She learned that the recommended form of chemotherapy can damage the heart and lungs, cause nausea and fatigue, and severely impact the gut.

“As a gut health coach, I wanted to make sure I was protecting this at all costs and giving my body as much opportunity to recover,” she says.

Complementing Chemo with Alternative Health

Kylene paired chemotherapy with nutrition and other natural approaches in hopes of reducing the side effects and expediting her healing.

For her integrative approach (combining conventional and natural approaches), she built a powerhouse care team: her local oncologist, Cancer Treatment Centers of America (CTCA), a functional medicine oncologist, emotional coach and a detox specialist.

Before beginning her treatment, however, she took the time to harvest her eggs in case she wanted to try for pregnancy in the future.

Then Kylene began what would be three months of ABVD chemotherapy, the typical course for Hodgkin lymphoma.

But throughout her chemotherapy and beyond, she took numerous steps to bolster her immune system and buffer her body from the effects of the treatment:

Diet – Already gluten-free, she continued to diligently avoid gluten, and minimized dairy, sugar, processed food and alcohol. She loaded up on organic fruits and vegetables (the latter cooked for easier digestion), plus grass-fed meats and wild-caught fish.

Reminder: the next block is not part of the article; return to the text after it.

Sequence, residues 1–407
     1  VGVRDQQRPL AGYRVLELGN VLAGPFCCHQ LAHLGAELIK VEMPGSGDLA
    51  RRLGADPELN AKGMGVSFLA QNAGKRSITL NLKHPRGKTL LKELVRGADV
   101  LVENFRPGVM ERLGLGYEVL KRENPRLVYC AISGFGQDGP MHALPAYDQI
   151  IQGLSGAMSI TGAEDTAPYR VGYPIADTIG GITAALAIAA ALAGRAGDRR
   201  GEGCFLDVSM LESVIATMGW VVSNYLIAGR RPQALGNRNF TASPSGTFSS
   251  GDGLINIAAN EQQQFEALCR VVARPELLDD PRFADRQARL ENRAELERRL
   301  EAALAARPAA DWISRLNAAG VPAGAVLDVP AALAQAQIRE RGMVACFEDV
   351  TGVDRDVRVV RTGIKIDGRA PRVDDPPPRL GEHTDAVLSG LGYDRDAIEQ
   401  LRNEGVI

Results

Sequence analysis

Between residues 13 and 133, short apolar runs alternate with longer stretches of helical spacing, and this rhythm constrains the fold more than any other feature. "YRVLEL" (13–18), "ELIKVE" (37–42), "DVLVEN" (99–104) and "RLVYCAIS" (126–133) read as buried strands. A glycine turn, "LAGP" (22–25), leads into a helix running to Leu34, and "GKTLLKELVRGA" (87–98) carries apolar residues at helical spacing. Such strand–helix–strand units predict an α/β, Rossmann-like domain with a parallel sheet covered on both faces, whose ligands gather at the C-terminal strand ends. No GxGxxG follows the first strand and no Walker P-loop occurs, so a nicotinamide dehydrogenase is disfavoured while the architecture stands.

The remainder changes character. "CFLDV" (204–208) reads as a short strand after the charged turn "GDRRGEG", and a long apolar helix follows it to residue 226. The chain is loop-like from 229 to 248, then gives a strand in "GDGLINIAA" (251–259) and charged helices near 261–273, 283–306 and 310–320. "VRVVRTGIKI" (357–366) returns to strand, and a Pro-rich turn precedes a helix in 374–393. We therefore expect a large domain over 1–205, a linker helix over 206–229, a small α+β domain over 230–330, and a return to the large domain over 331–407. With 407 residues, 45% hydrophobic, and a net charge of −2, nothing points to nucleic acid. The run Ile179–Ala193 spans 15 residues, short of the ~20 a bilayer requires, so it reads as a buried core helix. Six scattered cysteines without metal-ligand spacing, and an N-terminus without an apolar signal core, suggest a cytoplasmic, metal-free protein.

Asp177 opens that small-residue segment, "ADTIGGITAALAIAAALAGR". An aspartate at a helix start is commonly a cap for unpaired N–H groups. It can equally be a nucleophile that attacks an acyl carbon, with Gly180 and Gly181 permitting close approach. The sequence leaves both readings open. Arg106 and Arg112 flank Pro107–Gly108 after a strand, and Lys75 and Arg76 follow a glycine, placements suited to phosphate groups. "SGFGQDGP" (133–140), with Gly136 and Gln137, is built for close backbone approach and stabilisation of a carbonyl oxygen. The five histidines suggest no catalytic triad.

Nutritional support – Kylene estimates that she took about 20 supplements – daily – during chemo. Those included L-glutamine, acetyl L-carnosine, probiotics, vitamins B6, D and E, CoQ10, beef liver, a Chinese herb blend called Marrow Plus, a multivitamin, alpha-lipoic acid, Biocidin and fish oil.

Additionally, she received high-dose vitamin C IVs to fortify her immune system, with help from naturopathic oncologist, Dr. Heather Paulson. She cautions, however, it’s important to get tested to determine if you have a rare deficiency called G6PD. For those with this genetic condition, vitamin C IVs can be life-threatening.

Emotional healing – An emotions coach applied emotional code therapy to identify trapped emotions and help Kylene release them. For that, she turned to naturopathic doctor, Louise Swartswalter. “You can’t ignore the emotional aspect of disease,” she says.

Prayer and positive mindset – While there were ups and downs, Kylene actively fostered a positive mindset with prayer, visualization and focusing on the future. What did she want life to look like at the end of treatment?